Archive for February, 2014

EUROPE IN SEPIA by Dubravka Ugresic

Dubravka Ugresic’s new collection of cultural essays deal, primarily, with “Nostalgia,” the title of her first piece.

Ms. Ugresice is a Croatian, formally a Yugoslavian, who now lives in Amsterdam.

Her essays delve into politics, history, popular US, Yugoslavian and European culture from the 1950′s to the 21st century, as well as her own thoughts and flights of fancy. She is branded a “Yugonostalgnic,” by many of her fellow countrymen and women. This is a derogatory term, a synonym for those who long for the days of the Yugoslavia of yore under the reign of Tito; dinosaurs who look back fondly to the slogan “brotherhood and unity.”

February 21, 2014 · Judi Clark · No Comments
Tags: , , ,  · Posted in: Croatia, Europe, Non-fiction, Translated, World Lit, Yugoslavia

THE WOMAN UPSTAIRS by Claire Messud

The eponymous title of this penetrating and artful novel refers to third-grade schoolteacher and unfulfilled artist Nora Eldridge, who has lived in the Boston area her whole life. It is also the book’s principal motif, surfacing periodically to describe Nora’s various attributes as an uncharacteristically plain woman, a woman who doesn’t rock any boats or shine like a supernova– one who is always nice, mannerly, and unthreatening to others. Essentially, anonymous and invisible. Nora has previously accepted this about herself, living up to the part with emblematic virtuosity.

February 20, 2014 · Judi Clark · No Comments
Tags: , ,  · Posted in: Contemporary, NE & New York, Reading Guide

FOREIGN GODS, INC. by Okey Ndibe

FOREIGN GODS, INC. is one of those rare books that has you laughing and crying at different intervals. It is well-written, excellently characterized and the story line is near perfect. I enjoyed this reading experience immensely.

February 19, 2014 · Judi Clark · No Comments
Tags: , , ,  · Posted in: Africa, Debut Novel, Humorous, New York City, World Lit

A GUIDE FOR THE PERPLEXED by Dara Horn

The idea for writing a modern version of the biblical story of Joseph came apparently from the author’s husband. It is a brilliant one, even more brilliantly executed. First, because she uses it for resonance rather than prediction; you recognize the biblical parallels after they have occurred, but you never know when she is going to depart from the Genesis version, so her novel remains surprising to the end. Second, because the Egyptian setting grounds the book in aspects of Jewish history that are perhaps less well-known, but obviously relevant to the eternal geopolitical situation in the Middle East. And third, because the Torah reference provides the perfect opening to explore many issues in Jewish teaching and philosophy, most notably those concerning divine providence, accident, and free will. The title of her novel, actually, is borrowed from a treatise on these very questions written in Cairo by the twelfth century doctor and philosopher Maimonides. The result, in Horn’s hands, is a richly layered novel that is humane, exciting, informative, and thought-provoking, all at the same time.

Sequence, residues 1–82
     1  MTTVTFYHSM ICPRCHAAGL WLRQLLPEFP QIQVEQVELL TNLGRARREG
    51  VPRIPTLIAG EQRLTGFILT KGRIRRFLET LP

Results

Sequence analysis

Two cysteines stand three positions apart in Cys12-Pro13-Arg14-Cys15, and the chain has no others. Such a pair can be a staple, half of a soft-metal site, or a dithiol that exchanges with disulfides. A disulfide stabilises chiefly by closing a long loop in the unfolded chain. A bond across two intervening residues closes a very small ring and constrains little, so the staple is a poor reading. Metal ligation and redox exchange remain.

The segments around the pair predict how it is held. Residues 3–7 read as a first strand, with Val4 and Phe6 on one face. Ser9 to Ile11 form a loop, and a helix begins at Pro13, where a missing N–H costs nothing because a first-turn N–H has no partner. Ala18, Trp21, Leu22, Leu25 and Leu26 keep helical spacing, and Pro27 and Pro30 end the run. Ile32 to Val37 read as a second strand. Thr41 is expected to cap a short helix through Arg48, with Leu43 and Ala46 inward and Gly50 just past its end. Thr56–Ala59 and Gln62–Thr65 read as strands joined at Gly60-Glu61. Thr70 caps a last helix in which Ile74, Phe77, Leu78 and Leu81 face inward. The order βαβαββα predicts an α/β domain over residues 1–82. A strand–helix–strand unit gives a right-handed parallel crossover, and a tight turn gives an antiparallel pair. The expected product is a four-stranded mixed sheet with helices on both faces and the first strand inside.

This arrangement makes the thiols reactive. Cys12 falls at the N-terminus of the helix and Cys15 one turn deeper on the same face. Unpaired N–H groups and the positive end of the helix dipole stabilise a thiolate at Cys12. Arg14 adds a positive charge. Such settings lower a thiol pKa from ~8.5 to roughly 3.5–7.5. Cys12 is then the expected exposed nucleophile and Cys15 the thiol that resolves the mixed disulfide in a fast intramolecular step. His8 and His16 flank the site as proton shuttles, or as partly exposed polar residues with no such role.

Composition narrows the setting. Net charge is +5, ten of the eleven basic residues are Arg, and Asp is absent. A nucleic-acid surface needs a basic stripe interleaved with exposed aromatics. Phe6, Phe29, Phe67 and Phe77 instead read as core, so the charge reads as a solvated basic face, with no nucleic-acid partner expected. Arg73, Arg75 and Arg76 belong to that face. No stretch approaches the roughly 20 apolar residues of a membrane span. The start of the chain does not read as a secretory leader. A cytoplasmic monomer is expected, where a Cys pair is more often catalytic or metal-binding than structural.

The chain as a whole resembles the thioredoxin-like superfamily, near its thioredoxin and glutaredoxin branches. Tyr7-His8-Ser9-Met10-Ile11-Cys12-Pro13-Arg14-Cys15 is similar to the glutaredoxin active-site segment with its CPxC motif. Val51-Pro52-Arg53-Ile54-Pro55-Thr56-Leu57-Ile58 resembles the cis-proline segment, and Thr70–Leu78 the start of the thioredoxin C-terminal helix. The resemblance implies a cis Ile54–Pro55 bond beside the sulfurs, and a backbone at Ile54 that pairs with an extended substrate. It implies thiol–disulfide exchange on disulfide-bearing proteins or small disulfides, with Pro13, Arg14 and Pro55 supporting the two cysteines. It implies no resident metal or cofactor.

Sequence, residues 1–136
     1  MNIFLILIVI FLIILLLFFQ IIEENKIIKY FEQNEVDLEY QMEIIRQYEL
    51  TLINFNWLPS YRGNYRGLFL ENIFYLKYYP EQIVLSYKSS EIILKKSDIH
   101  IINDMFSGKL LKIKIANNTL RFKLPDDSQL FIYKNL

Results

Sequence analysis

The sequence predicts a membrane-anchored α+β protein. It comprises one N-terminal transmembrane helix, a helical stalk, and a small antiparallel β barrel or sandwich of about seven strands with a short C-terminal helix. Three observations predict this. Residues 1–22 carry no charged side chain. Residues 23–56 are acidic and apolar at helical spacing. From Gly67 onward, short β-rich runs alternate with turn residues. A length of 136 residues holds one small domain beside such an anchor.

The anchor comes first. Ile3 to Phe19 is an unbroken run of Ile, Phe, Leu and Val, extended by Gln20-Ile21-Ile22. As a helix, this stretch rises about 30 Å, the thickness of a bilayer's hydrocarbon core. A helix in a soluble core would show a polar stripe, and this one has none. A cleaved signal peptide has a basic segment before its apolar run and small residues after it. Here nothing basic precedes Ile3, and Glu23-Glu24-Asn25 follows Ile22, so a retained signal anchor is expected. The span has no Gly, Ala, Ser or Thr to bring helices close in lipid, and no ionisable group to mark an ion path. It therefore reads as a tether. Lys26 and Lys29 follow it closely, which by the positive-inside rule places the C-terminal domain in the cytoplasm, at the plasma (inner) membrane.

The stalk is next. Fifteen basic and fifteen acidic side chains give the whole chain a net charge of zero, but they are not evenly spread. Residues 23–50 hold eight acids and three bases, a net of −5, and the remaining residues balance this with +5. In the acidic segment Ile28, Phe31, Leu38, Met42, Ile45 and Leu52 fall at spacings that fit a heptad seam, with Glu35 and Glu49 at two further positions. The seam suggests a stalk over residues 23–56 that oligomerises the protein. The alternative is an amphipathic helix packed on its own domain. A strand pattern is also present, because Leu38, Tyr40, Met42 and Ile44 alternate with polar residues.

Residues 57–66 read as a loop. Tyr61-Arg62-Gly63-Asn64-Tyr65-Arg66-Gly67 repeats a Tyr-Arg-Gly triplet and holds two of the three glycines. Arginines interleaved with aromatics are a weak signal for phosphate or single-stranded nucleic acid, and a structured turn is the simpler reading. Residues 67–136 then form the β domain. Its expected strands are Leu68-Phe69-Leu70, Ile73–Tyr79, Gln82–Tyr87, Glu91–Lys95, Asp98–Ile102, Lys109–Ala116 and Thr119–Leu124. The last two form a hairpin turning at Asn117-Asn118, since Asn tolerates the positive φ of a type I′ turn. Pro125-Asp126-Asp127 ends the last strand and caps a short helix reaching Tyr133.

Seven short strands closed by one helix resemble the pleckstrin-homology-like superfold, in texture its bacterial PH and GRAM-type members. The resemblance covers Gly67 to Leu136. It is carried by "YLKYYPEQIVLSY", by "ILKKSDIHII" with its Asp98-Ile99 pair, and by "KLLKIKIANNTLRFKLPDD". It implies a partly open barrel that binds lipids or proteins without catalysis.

February 18, 2014 · Judi Clark · No Comments
Tags: , , ,  · Posted in: Facing History, Family Matters, Literary, Middle East, Speculative (Beyond Reality), Theme driven, World Lit, y Award Winning Author

WE ARE ALL COMPLETELY BESIDE OURSELVES by Karen Joy Fowler

The most absorbing books I read have a vital lesson at their core: they teach me what it means to be human. Karen Joy Fowler’s latest book tackles this crucial theme and by doing so, captured my heart and reduced me to tears.

There is no getting around that this is an agenda book. Ms. Fowler’s purpose is to show us—through fiction—that the most complicated animal – the human animal can be disastrous to the rest of the animal kingdom through sheer arrogance.

Typically, I avoid authorial intrusion like the plague. But this book was so irresistibly readable, so original, and so psychologically nuanced that I couldn’t help but turn the pages compulsively.

February 15, 2014 · Judi Clark · No Comments
Tags: ,  · Posted in: Contemporary, Theme driven, US Midwest

THE SWAN GONDOLA by Timothy Schaffert

Swan Gondola literally starts off with a bang! Two elderly sisters, Emmaline and Hester, known by most in their small county, as the “Old Sisters Egan,” are sitting in their Nebraska farm kitchen drinking coffee. The day has been a peaceful one. Suddenly the house begins to shiver and shake and they are enveloped in noise, a loud BANG!! Books fall from their shelves, china dishes and cups fall to the floor, breaking, chimney bricks drop into the hearth, their caged canaries stop singing and the two sisters are left stunned, shocked.

February 14, 2014 · Judi Clark · No Comments
Tags: , , , , , ,  · Posted in: Facing History, US Frontier West, Wild West